Tracing the history of mechanical engineering – Episode 1: The Energeticon
We’ve all heard those jokes about Aachen and its plethora of engineers. But is it really any wonder that there are so many mechanical engineers here? No.
Mechanical premieres in Aachen and the surrounding region: the automatic wool carding machine in 1802, the hydraulic press in 1810, the steam engine in 1816, the semi-automatic spinning mule in 1818, the shearing machine in 1818, the raising machine in 1826, the fulling machine in 1840…
The Aachen-Liège region is acknowledged as the cradle of industrial textile technology in continental Europe. And this productive textile industry – along with metal and coal mining as well as metal smelting and metalworking – generated a huge demand for high-quality technicians and engineers. After all, steam engines don’t just develop and refine themselves. Et voilà! In 1870, the “Aachener Polytechnikum” opened its doors for business – and (later as the RWTH Aachen University) has been educating generations of first-class mechanical engineers ever since.
Factories, shaft towers, chimney stacks – to mention just a few of the monuments that once populated the urban and rural skylines around here – are a reminder of that heyday of early industrialisation in the region. Future Mag will be tracing the history of those times and, in a series of episodes, will be featuring locations that are well worth a visit.
Episode 1: the Energeticon – the Earth is alive
From the Big Bang right through to the solar module – and on the way a good portion of regional mining history. At the Energeticon museum in Alsdorf, visitors can really experience first hand how energy was sourced in the past, and what the viable options are for tomorrow’s world.
The round trip in the Energeticon, just 15 kilometres from Aachen, begins in the “Sun Room”. Subtle lighting and ambient sounds drive all thoughts of the world outside from your consciousness, and in an instant the spectacular animation takes complete control of all your senses.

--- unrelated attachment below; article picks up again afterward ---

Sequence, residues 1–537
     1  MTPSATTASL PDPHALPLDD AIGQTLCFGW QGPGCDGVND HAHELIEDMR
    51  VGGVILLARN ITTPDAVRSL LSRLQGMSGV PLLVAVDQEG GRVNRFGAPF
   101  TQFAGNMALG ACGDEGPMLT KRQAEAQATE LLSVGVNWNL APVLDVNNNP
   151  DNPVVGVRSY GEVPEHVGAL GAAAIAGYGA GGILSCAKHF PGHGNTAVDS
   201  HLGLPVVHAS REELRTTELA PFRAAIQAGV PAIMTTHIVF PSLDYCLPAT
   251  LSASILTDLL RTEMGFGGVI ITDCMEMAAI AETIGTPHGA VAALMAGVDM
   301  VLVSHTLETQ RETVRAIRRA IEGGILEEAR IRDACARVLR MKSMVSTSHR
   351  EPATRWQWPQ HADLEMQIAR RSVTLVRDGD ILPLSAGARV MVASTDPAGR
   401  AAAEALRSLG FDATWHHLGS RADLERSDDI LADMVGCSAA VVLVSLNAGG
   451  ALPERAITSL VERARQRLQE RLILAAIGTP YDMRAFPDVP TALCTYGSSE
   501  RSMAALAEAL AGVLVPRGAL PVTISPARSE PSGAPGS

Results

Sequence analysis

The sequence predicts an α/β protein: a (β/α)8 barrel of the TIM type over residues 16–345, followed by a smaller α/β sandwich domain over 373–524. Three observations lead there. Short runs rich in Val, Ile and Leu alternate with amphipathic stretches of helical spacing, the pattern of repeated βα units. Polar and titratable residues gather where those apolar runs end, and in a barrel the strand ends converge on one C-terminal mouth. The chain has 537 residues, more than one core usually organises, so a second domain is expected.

Moving on, you encounter the traditional German colliers’ greeting “Glück Auf!”, and you’re suddenly diving deep into the world of the coal miner. A descent down a mineshaft is simulated – with the cage vibrating and jolting so realistically that you could swear that you have descended a lot further than just down to the basement level of the building. Here the hard working conditions down a pit have been recreated in great detail. You see historical machines, the longwall, pipes and ducts, and switch boxes. Life-size film sequences and background sounds of work at the coalface create an intense atmosphere that really gives you a good idea of just how brutal the conditions were in which miners had to work in those days.
Later in the tour, you encounter the topic “Energy Revolution”. Here you can learn, interactively and vividly, all about the finite nature of fossil fuels, about the rampant growth of our energy consumption, and about climate change. You get detailed and understandable explanations of how renewable energies can be used efficiently – including an “intelligent power grid” that you can activate and balance out yourself using an exercise bike.
Tue – Fri 11 am – 5 pm
Sat & Sun, public holidays 11 am – 6 pm